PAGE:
New Delhi, June 14: The CBI’s case for Ottavio Quattrocchi’s extradition from Argentina was riddled with holes, documents with The Telegraph suggest.
An English translation of the summary of the El Dorado court judgment shows that the request for the extradition of the Bofors accused was rejected largely on technical, and not substantial, grounds.
According to judge Mario Hachiro Doi, who delivered his verdict in Spanish, the Indian request fell short on two counts.
One, the Interpol red-corner notice of May 25, 1997, was not accompanied with an arrest warrant from the Delhi court that was then trying the case.
Two, it was only after the Italian businessman’s arrest in Argentina on February 6 that the CBI went to the chief metropolitan magistrate in Delhi and obtained a fresh non-bailable arrest warrant.
And in this warrant, dated February 24, the magistrate did not explain why Quattrocchi’s arrest was being sought.
According to Argentine law, it isn’t enough for a judge to say he is satisfied with a detention order, as the Delhi magistrate said in his warrant. He must spell out his reasons in writing.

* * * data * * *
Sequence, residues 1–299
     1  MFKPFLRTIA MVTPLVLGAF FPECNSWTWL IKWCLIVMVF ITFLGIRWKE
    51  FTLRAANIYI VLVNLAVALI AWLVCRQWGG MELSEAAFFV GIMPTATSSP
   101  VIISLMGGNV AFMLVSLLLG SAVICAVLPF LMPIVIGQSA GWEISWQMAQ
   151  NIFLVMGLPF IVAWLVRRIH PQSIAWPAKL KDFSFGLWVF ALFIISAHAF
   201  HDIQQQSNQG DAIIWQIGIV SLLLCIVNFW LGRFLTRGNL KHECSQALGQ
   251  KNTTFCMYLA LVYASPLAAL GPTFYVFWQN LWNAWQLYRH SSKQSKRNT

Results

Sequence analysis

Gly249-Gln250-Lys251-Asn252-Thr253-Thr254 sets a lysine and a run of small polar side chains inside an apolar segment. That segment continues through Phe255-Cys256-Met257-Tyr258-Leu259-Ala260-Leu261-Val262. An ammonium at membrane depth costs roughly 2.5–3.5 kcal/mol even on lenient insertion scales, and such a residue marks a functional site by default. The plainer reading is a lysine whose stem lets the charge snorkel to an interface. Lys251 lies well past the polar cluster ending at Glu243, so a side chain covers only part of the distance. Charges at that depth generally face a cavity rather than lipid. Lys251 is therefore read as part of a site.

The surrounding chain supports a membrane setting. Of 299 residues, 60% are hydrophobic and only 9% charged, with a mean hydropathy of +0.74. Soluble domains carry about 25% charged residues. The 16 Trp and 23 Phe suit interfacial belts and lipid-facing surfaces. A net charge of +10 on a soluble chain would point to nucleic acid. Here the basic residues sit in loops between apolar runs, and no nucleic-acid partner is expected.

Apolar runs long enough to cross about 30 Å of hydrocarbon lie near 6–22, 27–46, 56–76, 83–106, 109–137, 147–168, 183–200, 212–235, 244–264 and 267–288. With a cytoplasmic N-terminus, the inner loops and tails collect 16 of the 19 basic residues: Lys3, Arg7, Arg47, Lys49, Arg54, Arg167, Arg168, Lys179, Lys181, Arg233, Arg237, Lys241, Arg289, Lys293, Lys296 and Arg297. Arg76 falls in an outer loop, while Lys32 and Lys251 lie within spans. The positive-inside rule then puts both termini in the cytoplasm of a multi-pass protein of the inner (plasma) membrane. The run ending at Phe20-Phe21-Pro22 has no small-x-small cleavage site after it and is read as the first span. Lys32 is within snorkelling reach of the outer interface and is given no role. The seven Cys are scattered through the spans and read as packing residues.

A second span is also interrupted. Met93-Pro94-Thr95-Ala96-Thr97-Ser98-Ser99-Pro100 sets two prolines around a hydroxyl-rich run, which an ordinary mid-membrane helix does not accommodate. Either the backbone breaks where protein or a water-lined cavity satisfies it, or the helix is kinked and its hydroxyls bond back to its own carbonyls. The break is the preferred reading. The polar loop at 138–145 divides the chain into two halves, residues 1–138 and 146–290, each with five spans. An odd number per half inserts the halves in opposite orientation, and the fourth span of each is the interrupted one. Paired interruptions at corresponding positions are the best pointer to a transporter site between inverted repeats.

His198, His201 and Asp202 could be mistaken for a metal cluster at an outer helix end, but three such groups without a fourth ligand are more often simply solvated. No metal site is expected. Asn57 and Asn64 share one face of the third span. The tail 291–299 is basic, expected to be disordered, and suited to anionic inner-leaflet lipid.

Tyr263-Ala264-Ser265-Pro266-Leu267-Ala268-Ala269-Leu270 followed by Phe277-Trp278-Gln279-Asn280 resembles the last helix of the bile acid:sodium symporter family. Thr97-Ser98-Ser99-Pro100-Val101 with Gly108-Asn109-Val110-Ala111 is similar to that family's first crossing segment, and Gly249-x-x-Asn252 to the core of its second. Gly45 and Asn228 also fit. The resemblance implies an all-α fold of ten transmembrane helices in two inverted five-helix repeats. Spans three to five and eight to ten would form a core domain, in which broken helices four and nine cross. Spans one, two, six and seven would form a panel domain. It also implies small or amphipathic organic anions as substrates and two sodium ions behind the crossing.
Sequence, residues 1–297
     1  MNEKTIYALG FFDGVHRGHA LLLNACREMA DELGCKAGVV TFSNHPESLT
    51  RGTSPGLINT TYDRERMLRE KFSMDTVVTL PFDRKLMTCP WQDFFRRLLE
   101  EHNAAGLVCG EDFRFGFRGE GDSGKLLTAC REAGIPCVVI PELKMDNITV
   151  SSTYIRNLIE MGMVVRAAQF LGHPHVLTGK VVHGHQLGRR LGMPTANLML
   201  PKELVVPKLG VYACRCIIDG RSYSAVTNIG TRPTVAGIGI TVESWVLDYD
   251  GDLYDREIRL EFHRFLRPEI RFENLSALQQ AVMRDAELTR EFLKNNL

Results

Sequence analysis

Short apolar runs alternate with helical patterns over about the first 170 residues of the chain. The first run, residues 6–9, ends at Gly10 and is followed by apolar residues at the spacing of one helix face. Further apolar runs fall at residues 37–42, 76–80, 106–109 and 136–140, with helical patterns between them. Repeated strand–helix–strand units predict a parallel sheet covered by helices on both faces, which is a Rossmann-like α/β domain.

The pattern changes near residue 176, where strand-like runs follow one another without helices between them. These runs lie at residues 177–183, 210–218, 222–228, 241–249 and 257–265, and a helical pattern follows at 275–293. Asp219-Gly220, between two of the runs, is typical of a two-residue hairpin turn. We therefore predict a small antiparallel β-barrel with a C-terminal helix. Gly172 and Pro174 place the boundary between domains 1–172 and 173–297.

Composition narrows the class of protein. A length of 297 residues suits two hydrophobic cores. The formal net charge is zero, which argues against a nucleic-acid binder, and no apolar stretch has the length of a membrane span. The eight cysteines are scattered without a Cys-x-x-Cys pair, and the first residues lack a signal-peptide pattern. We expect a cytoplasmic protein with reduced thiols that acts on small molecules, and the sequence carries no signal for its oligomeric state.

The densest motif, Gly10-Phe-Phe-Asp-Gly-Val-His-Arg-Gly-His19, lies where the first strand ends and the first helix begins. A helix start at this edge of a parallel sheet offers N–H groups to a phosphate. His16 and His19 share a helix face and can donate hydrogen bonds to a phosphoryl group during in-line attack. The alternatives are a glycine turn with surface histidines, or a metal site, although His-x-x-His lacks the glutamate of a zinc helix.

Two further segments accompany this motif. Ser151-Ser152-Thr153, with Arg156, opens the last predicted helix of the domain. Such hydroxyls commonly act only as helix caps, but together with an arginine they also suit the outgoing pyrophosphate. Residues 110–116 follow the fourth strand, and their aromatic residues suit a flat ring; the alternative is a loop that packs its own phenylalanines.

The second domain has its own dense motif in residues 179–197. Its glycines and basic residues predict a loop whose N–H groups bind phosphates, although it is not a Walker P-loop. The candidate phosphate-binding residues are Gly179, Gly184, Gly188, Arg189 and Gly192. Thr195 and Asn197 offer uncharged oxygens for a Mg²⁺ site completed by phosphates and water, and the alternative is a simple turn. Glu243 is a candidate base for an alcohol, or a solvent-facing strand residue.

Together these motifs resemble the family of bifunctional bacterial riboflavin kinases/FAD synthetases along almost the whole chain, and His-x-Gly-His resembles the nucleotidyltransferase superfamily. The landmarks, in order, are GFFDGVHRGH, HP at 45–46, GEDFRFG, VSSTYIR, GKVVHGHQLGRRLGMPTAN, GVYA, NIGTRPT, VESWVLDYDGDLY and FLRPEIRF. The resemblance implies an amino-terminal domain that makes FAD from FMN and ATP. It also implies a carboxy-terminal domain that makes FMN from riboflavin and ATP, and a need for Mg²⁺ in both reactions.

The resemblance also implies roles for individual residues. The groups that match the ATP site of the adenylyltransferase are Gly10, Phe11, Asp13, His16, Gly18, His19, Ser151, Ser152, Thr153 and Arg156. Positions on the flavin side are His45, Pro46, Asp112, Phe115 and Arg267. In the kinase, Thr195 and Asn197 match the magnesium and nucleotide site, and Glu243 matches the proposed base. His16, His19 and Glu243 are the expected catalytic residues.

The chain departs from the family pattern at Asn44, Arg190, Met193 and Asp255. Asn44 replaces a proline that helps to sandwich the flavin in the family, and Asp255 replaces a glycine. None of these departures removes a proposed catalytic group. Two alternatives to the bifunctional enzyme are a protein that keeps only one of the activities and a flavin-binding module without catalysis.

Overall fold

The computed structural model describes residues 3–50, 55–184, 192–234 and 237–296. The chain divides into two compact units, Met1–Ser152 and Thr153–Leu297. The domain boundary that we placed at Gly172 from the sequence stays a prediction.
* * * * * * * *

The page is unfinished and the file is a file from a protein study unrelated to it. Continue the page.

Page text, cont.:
The translated minutes of the debate that preceded the judge’s verdict in El Dorado — also available with The Telegraph — show that the Indian lawyer was at sea when confronted with the cogently argued case of his opponent.
Quattrocchi’s lawyer Alejandro Freeland argued that his client’s arrest in Iguazu in Missiones province was inappropriate in the absence of a court arrest warrant with the Interpol red-corner notice. He also mentioned that the warrant procured by the CBI was issued after the arrest.
The Argentine judge cited both these arguments to deny the extradition request on June 7.
The court found the CBI’s case so frivolous that it asked the agency to pay the Italian businessman’s legal costs, agency reports from Buenos Aires have claimed.
The CBI may have known it had no case, but the government had to fight the case anyway to avoid accusations of being soft on Quattrocchi, believed to have been once close to the Nehru-Gandhis.
Argentine diplomats, however, held out hope, confirming in New Delhi that India could still provide the missing documents when the matter came up in their country’s apex court.